Bouncy and a lot of fun, this one is a highlight of the disc. It's got a very retro sound right down to the surf styled guitar solo. In many ways this one is the least prog cut on show here, but it's also very cool. The instrumental bridge here, though, has a good amount of progressive rock textures while still maintaining the overall sound of the number.
Looking For A Trace
This one thunders in with a Black Sabbath like crunch. It shifts quickly, though to more dramatic psychedelically based music. The bridge on this one is very effective. The track includes a smoking guitar solo.
My World Salvation
The slightly off kilter main riff on this one is sweet. The vocals though are based on top of just the echo from this as the early segments of this track are very sparsely arranged. As it moves out into the chorus, though, the texture combines sounds of progressive rock, jazz and (of course) psychedelia into a very effective motif. After running through like this for a time (alternating these sounds) they drop it back then launch out into a very Iron Butterfly like jam that also has a lot of early progressive rock tendencies. An organ solo serves to drive this on. Later this one powers out into one of the coolest segments of the whole album. This instrumental mode has a very tasty central riff and seems to combine early metal with proto-prog into a tasty sort of jam. Of course it has its share of psychedelic leanings too, and feels rather like Vanilla Fudge. This eventually turns out toward space to end.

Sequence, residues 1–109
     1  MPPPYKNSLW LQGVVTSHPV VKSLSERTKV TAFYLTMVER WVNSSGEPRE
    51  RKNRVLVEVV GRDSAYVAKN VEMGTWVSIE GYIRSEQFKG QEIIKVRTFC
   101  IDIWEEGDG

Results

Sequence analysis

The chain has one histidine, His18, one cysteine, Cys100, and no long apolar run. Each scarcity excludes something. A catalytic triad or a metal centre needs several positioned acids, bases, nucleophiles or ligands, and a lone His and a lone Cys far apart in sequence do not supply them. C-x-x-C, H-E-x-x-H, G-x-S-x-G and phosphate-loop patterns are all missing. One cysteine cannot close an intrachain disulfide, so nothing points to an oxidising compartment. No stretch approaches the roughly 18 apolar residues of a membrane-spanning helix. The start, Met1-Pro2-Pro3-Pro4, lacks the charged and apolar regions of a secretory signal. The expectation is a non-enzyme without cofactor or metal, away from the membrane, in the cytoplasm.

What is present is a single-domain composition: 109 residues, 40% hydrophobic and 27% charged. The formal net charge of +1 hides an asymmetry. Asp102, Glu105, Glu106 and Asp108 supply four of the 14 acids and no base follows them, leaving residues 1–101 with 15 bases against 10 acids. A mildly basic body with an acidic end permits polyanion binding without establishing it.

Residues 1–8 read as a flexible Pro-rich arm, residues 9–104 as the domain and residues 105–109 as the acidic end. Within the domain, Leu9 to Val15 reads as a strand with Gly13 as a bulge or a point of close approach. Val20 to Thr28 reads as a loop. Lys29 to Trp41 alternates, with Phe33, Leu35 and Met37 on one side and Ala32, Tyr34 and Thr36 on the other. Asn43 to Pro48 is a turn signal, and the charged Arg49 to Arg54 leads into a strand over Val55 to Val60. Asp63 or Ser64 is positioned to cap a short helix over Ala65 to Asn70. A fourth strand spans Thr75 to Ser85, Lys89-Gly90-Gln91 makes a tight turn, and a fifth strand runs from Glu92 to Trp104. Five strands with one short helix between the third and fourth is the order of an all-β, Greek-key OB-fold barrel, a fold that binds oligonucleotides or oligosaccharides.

A definite contrast to the way the last cut ended; a swirling sort of tentative guitar part leads this one off. Eventually the band work this out into an intriguing arrangement. As the keys and other instruments coalesce into the main song structure it's an exceptionally meaty progressive rock feel with lots of retro elements. I'd have to say that this is one of my favorite cuts on the disc as it's packed with emotion and power. The group's sound seems to gel better here than at other points. The guitar based break is another nice touch. This one has a lot of changes while still maintaining a consistent nature.
Living In A Void
A funky processed guitar sound along with drums starts this. As the vocals enter they turn this into another fun retro jam. I'd kind of look at it like Booker T. And the M.G.'s with vocals. The chorus is catchy psychedelia. They move this out into a killer jam later and the wacka wacka guitar returns. I hear a little bit of an early B-52's texture on the vocal arrangement of the closing segment here.
Call Their Names